Global house prices are skyrocketing

CNN has released data showing the synchronised house price boom taking place across rich nations.

According to CNN, real house prices across 37 OECD nations rose by 6.7% in calendar year 2020, which was the fastest pace of growth in 20 years:

House prices across advanced nations

House prices across advanced nations have soared.

As expected, rock bottom mortgage rates are behind the price growth:

Rock bottom rates have been a key driver of prices, particularly in the United States and Europe, because they make borrowing more affordable. Mortgage rates across the 19 countries that use the euro averaged just 1.3% in March, according to official statistics…

“Mortgage rates will remain structurally low and supportive of market growth for the next couple of years,” said Adam Challis, Jones Lang LaSalle’s executive director for research and strategy across Europe, the Middle East and Africa.

In other words, don’t expect this boom to bust any time soon.

Kate Everett-Allen, the head of international residential research at real estate consultancy Knight Frank, also believes the opening of borders globally could spur additional price growth:

Once borders reopen, foreign investors will provide even further impetus to property markets, where purchasing activity has been largely driven by domestic buyers, she said.

“That will play out over the course of the rest of this year and next, and then there might be something of a lull,” she added…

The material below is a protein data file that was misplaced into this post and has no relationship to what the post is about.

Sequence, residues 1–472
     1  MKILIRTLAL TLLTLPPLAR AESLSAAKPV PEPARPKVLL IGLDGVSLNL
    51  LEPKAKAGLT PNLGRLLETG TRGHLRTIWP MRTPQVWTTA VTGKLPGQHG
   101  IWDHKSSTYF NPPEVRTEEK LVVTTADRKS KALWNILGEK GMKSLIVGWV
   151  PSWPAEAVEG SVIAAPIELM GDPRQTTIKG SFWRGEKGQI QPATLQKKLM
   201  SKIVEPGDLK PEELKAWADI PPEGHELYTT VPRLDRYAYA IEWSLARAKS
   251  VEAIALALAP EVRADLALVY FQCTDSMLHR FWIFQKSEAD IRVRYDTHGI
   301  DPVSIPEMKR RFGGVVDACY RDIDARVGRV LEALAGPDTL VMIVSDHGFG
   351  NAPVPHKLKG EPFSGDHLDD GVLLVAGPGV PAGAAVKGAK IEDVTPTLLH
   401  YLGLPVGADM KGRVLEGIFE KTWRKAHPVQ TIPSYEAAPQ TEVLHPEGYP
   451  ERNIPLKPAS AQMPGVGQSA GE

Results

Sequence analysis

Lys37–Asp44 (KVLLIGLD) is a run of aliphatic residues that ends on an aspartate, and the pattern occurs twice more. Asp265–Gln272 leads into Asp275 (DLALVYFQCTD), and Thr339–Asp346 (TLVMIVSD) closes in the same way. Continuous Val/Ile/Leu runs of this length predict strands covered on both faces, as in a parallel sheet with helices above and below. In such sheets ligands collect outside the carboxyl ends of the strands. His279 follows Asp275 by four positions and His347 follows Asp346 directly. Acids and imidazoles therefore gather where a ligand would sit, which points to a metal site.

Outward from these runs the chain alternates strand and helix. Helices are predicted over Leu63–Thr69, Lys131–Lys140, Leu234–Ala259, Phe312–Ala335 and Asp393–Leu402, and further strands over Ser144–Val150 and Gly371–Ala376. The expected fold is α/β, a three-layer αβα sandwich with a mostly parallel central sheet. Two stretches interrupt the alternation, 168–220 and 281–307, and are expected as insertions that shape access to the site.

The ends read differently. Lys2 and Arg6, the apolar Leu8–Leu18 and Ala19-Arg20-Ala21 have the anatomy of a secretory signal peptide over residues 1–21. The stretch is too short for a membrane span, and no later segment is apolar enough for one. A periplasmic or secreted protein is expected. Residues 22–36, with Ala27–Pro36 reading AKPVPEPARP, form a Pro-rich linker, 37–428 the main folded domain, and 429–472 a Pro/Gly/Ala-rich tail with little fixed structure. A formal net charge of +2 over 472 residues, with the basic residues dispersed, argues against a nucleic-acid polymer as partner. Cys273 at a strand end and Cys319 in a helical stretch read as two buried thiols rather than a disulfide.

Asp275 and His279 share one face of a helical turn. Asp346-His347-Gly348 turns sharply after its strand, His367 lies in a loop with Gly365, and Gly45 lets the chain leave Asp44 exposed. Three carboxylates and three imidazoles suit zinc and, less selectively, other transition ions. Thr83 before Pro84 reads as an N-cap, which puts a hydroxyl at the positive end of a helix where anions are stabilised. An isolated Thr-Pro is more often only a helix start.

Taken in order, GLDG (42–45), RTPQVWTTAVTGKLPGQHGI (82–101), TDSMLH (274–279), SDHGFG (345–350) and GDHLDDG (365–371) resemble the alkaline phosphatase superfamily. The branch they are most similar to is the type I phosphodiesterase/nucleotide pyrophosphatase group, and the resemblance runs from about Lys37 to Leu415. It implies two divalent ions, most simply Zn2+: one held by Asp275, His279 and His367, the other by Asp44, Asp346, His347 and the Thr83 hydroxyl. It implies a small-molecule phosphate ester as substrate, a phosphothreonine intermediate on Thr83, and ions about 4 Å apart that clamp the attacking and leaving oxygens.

Interest rate cuts kept mortgage repayments affordable in many places, while temporary reductions to purchase taxes in some markets spurred home buying.

Meanwhile, Richard Donnell, research director at UK property platform Zoopla, notes that that a “race for space” amid lockdowns has helped spur growth in suburban and regional detached homes, in particular:

Wealthier individuals in several countries have fled cities for larger suburban homes with more outdoor space in the anticipation that they won’t need to commute into central offices as much even after the pandemic ends.

Many of them are financially in a better position than they were before the pandemic hit, since they’ve spent less on vacations and eating out, and can therefore spend more on house purchases.

This was confirmed recently by The Economist, which showed that “less populated, but still commutable, places, rather than city centres… are rising most”, since “Covid-19 seems to have set off a quest for space”:

Escape to the suburbs

Suburban property prices are booming the most.

The switch is most clearly illustrated in Australia by the sharp rise in detached house sales, which are tracking at record highs. By contrast, demand for units & apartments is soft:

Australian property sales volumes

Australian house sales are booming while unit sales are soft.

The switch is also evident in rental growth, which is running hot across the detached house market, but is much softer for units & apartments (pulled down by heavy falls across Melbourne and Sydney):

Annual rents: Houses vs units

House rents are growing much faster than unit rents.

Regional property prices and rents are also growing more strongly than the capital cities, reflecting the flight from density:

Regional property rents

An unprecedented rise in regional property rents.

So much for the urban planners’ claims about the end of suburbia. COVID has proven that its pull is stronger than ever.

Unconventional Economist

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